No music accompanied Lila Orr’s entrance into the deserted hallway of her parents’ home. No one played the famous wedding march that she and Morris Hirsch had settled on after deciding they were too old to get married to the Rolling Stones.
The musician had left hours before. From experience he could tell the difference between the jitters and a decision reached in the eleventh hour that the thing was better off not done. He had packed up his organ and congratulated himself on getting paid in advance.
Silk shoe straps hooked over two fingers, Lila stepped into the yard to find the corgis humping under the chuppa and the cat cleaning its fur. She walked barefoot down the aisle on rose petals whose edges had begun to turn black. Lila waited for the dogs to finish and then picked up Molly, the female. It helped to hold something alive as she surveyed the elegant wreckage.
Twenty rows of white wooden chairs populated the lawn. To rent a chair for twenty-four hours cost five dollars—was it possible she had spent a year of her life on such things?
Holding the dog under one arm she snapped a few pictures with her phone. She wanted—desperately—to forget the day, but there would be times when she might want to remember it. Refusing to come out of the study was the bravest thing she had ever done. Better to have said no two years before on Coney Island when Morris presented the two-carat ring in a clamshell occupied by its original owner. Morris’s voice was just as nasal then; he had the same habit of correcting her. Better to have broken it off then. But not as brave as breaking it off now, bringing humiliation on herself and Morris, and risking her father having a heart attack among his law partners and golf buddies.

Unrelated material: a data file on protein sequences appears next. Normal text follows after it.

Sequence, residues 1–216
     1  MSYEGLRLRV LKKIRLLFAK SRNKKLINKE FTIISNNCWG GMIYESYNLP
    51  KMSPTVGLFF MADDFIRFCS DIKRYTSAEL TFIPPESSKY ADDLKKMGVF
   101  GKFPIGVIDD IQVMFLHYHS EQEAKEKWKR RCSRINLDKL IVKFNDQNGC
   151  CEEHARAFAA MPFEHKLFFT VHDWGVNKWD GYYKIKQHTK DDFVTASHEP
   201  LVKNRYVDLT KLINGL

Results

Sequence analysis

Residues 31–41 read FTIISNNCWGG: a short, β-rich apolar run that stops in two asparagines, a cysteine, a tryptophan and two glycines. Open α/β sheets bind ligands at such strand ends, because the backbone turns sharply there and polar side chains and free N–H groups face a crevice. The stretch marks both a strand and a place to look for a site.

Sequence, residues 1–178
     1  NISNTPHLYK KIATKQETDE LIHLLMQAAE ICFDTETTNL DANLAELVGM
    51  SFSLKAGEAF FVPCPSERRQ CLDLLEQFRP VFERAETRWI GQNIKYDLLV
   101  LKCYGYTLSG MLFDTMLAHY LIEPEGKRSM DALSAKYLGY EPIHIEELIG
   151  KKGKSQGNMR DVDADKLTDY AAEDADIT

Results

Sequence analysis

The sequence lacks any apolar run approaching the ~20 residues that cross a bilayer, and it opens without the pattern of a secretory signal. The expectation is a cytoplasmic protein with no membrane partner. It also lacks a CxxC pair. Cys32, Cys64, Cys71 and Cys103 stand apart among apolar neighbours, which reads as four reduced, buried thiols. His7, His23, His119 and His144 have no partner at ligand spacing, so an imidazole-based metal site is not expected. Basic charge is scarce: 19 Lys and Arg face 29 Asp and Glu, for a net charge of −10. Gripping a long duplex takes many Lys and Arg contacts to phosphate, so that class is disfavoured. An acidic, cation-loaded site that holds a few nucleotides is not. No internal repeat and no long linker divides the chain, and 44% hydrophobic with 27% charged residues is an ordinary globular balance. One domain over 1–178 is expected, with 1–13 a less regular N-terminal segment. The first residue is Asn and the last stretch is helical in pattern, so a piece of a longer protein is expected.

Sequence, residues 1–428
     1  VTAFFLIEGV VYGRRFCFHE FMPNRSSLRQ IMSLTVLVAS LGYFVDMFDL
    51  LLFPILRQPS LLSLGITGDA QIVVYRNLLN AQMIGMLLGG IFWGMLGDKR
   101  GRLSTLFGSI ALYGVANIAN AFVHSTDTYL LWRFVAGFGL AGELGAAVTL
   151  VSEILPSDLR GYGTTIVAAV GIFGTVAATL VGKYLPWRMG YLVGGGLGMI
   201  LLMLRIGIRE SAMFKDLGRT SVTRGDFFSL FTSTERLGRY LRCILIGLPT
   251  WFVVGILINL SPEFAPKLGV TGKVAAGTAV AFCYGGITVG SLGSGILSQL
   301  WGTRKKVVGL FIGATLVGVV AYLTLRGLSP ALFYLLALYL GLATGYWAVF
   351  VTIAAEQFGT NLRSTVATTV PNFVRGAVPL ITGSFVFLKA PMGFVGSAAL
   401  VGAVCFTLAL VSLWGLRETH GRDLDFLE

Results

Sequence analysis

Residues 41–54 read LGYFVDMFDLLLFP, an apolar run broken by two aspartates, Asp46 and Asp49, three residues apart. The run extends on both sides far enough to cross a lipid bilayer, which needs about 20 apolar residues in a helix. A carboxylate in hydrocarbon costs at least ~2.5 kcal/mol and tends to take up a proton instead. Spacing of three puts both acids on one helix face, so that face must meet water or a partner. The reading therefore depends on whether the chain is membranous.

She wondered what happened to all the food (forty-five dollars per person for plated grilled salmon and vegetables, an organic locally grown salad). Did the caterer take it down to the shelter, her instructions for the leftovers? She could have eaten a whole salmon. Three pieces of wedding cake with butter cream icing. She was that hungry.
Relief overshadowed her embarrassment. For the first time in days (since her final fitting, she realized), her lungs expanded to fill her chest. She noticed the scent of crabapple blossoms and the breeze caressing her neck (her hair was still pinned). It was spring and she was alive and she would not marry Morris. The Pottery Barn goblet that was to be crushed under Morris’s heel as part of the ceremony sat on a small table next to a bottle of Manischewitz. She broke the seal on the wine and filled the glass. The glass would not be broken, not that afternoon, maybe never. “L’chaim,” she said to herself, “to life.”
Rachel Maizes’ work has appeared in Slice Magazine, Blackbird, The MacGuffin, The Barcelona Review and other literary journals. Her short story “Mama’s Boy” won Slice Magazine’s 2012 Spring Spotlight Competition.